In 1966 Gur was appointed as the commander of the 55th (Reserve) Paratroopers Brigade, which he led during the Six-Day War. Gur and his troops were part of the assault force which wrested Jerusalem from the Jordanians, and which were the first to visit the Western Wall and the Temple Mount. The pictures of paratroopers crying at the Wall and Gur's audio recording in the communication networks, "The Temple Mount is in our hands!" (Hebrew: !הר הבית בידינו‎, Har HaBayit BeYadeinu!), became one of the most touching symbols of the war to the Israeli public.

After the war he was promoted to Brigadier General's rank and was appointed as the IDF commander in the PLO, backed by Syria, attacked Israel's northern settlements. Gur led several counter-attacks to reign in the terror attacks, conquering the Shebaa farms from Syria in order to establish a defensive position to prevent border attacks.

From August 1972 to December 1973 he served as the IDF military attache at Israel's Washington D.C., embassy. In January 1974 he was reappointed as the commander of the northern front.

Following the retirement of General David Elazar due to the criticism of the Agranat Commission he was appointed in April 1974 as the 10th IDF Chief of Staff. He served in that position until 1978.[1]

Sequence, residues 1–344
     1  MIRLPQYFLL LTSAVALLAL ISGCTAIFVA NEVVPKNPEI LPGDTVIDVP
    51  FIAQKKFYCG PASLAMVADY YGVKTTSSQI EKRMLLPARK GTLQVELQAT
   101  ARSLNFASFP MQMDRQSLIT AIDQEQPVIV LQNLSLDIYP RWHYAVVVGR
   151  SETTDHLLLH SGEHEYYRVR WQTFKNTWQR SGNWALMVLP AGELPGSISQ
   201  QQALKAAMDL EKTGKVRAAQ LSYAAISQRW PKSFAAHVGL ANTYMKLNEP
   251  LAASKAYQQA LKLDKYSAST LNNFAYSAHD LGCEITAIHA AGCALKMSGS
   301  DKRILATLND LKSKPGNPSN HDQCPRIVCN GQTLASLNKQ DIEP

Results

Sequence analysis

Civilian and political career

Mordechai Gur
Knessets 10, 11, 12, 13
Faction represented in Knesset
1981–1991 Alignment
1991–1995 Labor Party
Ministerial roles
1984–1986 Minister of Health
1988–1990 Minister without Portfolio

Following his retirement from the IDF, Gur was appointed as the general manager of Kur Mechanica company. In 1981 he was elected to the Knesset as a member of the Labor Party within the Alignment. Re-elected in 1984, he served as Minister of Health and was also a member of the Knesset's Security and Foreign Affairs Committee. Between 1986 and 1988 he served on the board of Solel Boneh, a construction company. In April 1988 he was appointed Minister without Portfolio, a position he retained following the 1988 elections until March 1990, when Labor pulled out of the coalition.

After the Labor Party won the 1992 elections, Gur was appointed Deputy Minister of Defense, responsible for preparing the Israeli economy for times of war and crisis and interacting with the Jewish settlers in West Bank and Gaza Strip.

Death

In 1995, Gur became seriously ill with terminal cancer. He committed suicide with a handgun on July 16, 1995 at the age of 65.[1]

Area 21, a military base in the Sharon plain, was renamed in his honour (Camp Motta Gur).

In Modiin a street and a school was named after Gur.

Bibliography

  • Har HaBayit BeYadeinu (literally "The Temple Mount is in our hands") (The Battle for Jerusalem), 1974.

See also

References

  1. ^ a b c d Masad, Uriel (21 July 1995). "Cancer drives Israeli deputy defense minister to end his life".  

External links

  • Mordechai Gur on the Knesset website
  • Jewish Virtual Library Timeline